The gigantic, Small-leaved Mahogany outside the north gate of Government Secretariat in Thiruvananthapuram has witnessed several strikes and protests for over five decades now. But how many of us know that this grand old tree is among the rare trees in the city? So are the two Arjuna trees ( Terminalia arjuna or Neermaruthu), which stand like ‘body guards’ at the entrance of the Narmadeeswara Mahadeva Temple, south gate, Sree Padmanabha Swamy Temple.
These are among the trees listed by city-based collective, Tree Walk-Thiruvananthapuram, which need to protected. Tree Walk has been documenting the plant diversity in the city and campaigning for protection of trees since 2012. They have submitted letters to the Chief Minister, ministers, and bureaucrats informing them about rare, endangered or endemic trees, many of which grow on the roadside/footpath or inside the campuses of public and private institutions.
Tree Walk has been holding walks to create awareness about these trees and has saved several of them from the axe. Alarm bells began ringing when a Honey Tree ( Ilippa/ Mahua) on the NORKA (Department of Non-Resident Keralites Affairs) campus at Thycaud was chopped down. “In 2015-16, we had collected seeds of this tree and had successfully nurtured them into saplings. It was a huge disappointment when it was cut down, that too on a holiday. Tree Walk organised a farewell for the tree on January 3. Later, NORKA officials told us that had they known it was a rare tree, they would have protected it. That set us thinking of launching an initiative to create awareness about rare trees within the city,” says Anitha S, an ecologist and one of the coordinators of Tree Walk.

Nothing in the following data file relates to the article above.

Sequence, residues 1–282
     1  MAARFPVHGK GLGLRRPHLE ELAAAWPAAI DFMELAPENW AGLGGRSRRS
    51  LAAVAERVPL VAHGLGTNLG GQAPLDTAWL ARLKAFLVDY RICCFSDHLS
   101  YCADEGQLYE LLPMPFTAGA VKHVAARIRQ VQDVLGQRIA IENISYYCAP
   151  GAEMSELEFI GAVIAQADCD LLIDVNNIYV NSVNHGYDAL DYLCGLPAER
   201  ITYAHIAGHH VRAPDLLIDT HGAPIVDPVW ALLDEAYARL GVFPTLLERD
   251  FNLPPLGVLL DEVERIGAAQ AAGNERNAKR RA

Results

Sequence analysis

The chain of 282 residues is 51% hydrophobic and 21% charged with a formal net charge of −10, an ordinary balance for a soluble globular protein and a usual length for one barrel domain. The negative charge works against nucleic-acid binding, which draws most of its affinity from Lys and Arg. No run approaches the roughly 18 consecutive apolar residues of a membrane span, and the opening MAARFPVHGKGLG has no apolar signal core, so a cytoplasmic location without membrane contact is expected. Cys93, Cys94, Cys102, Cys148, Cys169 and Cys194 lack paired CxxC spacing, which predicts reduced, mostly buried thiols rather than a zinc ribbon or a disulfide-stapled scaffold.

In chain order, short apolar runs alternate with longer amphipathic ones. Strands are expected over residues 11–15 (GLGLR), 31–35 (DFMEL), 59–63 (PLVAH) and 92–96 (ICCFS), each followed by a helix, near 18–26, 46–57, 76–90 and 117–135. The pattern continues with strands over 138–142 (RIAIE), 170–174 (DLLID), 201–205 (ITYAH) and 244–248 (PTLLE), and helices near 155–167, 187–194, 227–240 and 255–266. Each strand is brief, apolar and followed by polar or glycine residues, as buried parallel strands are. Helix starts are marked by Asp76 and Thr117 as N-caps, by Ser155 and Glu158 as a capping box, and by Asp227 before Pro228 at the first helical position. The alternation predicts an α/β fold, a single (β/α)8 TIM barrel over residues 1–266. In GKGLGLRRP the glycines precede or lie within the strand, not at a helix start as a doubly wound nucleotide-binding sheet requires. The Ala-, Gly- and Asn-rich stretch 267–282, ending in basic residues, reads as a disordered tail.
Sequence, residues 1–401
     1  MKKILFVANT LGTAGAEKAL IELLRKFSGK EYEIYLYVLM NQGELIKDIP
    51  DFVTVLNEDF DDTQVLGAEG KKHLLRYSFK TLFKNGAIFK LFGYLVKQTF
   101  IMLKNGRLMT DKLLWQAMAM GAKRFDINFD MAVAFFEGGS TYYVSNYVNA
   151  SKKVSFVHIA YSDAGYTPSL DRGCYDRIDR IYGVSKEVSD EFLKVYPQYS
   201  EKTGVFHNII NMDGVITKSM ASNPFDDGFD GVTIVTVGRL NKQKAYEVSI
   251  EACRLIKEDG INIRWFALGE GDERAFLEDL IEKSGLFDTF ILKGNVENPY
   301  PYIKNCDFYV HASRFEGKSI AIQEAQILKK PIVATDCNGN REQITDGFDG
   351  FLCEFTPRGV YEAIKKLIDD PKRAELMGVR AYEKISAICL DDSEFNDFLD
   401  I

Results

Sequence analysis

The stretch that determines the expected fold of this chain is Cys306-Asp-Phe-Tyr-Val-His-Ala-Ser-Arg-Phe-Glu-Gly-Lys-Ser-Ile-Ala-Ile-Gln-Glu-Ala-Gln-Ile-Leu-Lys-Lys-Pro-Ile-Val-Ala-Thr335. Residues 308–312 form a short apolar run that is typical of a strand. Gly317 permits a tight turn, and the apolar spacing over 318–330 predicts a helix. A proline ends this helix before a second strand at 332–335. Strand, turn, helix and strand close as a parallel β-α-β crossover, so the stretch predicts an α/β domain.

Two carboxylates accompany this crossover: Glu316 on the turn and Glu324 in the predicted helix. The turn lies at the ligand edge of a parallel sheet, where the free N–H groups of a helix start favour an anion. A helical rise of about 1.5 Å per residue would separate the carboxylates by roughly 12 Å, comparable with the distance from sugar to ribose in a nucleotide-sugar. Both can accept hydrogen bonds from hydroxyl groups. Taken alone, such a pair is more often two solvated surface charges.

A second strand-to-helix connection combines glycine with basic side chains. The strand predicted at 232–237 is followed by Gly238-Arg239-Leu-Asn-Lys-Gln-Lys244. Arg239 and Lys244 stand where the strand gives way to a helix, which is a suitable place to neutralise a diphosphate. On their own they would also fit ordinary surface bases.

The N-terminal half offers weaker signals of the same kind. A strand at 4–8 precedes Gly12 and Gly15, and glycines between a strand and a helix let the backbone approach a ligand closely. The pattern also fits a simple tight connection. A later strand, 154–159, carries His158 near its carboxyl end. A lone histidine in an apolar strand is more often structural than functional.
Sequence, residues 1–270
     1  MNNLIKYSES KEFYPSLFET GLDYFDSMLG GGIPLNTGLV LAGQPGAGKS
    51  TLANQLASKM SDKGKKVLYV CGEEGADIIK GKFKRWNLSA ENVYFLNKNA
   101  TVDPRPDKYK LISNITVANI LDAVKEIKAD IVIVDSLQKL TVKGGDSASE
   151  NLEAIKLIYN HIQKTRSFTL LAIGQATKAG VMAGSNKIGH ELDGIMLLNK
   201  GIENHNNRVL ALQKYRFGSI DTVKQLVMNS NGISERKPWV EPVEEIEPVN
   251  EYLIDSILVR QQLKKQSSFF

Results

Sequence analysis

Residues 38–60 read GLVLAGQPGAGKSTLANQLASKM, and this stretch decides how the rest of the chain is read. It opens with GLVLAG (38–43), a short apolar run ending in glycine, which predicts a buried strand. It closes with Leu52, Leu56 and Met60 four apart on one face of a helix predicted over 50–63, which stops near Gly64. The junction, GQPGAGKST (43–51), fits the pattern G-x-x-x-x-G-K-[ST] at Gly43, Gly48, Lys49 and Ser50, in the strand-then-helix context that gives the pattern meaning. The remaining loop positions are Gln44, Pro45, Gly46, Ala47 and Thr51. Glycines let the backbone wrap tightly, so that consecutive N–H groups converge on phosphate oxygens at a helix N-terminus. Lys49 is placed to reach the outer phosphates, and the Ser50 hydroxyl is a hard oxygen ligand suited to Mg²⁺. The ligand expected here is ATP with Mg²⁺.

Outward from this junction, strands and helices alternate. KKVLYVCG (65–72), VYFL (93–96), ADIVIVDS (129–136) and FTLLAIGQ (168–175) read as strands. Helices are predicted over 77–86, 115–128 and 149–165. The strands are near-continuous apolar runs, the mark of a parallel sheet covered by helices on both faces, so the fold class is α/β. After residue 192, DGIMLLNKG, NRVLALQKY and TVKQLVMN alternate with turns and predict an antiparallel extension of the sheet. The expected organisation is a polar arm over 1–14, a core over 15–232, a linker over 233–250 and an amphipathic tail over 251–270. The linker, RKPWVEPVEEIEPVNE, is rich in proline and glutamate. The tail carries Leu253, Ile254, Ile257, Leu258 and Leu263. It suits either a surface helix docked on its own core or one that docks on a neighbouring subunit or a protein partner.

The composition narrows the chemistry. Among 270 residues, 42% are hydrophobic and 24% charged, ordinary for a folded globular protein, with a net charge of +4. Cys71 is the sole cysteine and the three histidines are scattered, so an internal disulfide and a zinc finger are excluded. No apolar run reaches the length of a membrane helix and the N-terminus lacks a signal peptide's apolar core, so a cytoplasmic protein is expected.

Anitha adds that they have identified 25 to 30 trees, and have listed them in three categories. In the first category are those commonly found across Kerala but not much within the city. For example, Aanjili or Wild Jack on the Bishop House campus at Vellayambalam. The second category has trees that are endangered, such as Agarwood or oudh on the premises of the Government Guest House, Thycaud. In the third category are trees that grow in a rare ecosystem, such as Malabar Ironwood ( Thambakam/Kambakam) on the Napier Museum compound.
Save the greenery
Other trees on the list are Manjakadambu or Yellow Teak (at Hanuman Temple, Palayam), male and female Velvet Apple (Ayyankali Hall), Sage-leaved Alangium or Azhinjil (Attakulangara School), Nile Tulip (on the road outside St Joseph’s School), Chaulmugra or marotti and Sausage tree (Senate Hall), Cycas (University Library), Honey Tree (Senior citizen home, Devaswom Board Junction), Soap Nut Tree (Raj Bhavan Post Office), Copal Tree (KITTS campus, Thycaud), Indian Ash Tree or Uthi (Secretariat), Red jujube or elantha (Survey Office, Vazhuthacaud), Flame of the Forest or plaashu (Tagore Theatre), Black Dammar or Kunkilyam (Secretariat), Saal tree or Saalavriksham (Forest Office, Vazhuthacaud), Strychnine or Kaanjiram (Higher Secondary School, Pettah), Slow Match Tree or Pezhu (Keston Road), Black Varnish Tree or Cheru (Kanakakunnu campus), and Badminton Ball Tree (Golf Club)
At least 11 institutions/departments will be intimated about these trees. “Some of the trees are already being taken care of. Like Kaim ( Manjakadambu/Neerkadambu) on the State Central Library campus at Palayam and Indian cedar ( Chandanavembu) on the premises of University College,” Anitha says.
She adds that the list is not exhaustive; there might be more species that need to be protected. “There is no clarity on how these trees found their home in the city. While trees such as Kambakam, Velvet Apple and Nile Tulip were planted by city planners, others might be vestiges of the forest cover in the city,” Anitha says.
Letters have been sent to the Chief Minister, ministers and secretaries of departments such as Revenue, Tourism, Public Works and Forest, the Chief Secretary, the Mayor, the District Collector, Member of Parliament and MLAs. Tree Walk has put forward suggestions such as initiating a marking system of these trees or a health checkup using the Tree Protocol System of the Kerala Forest Research Institute.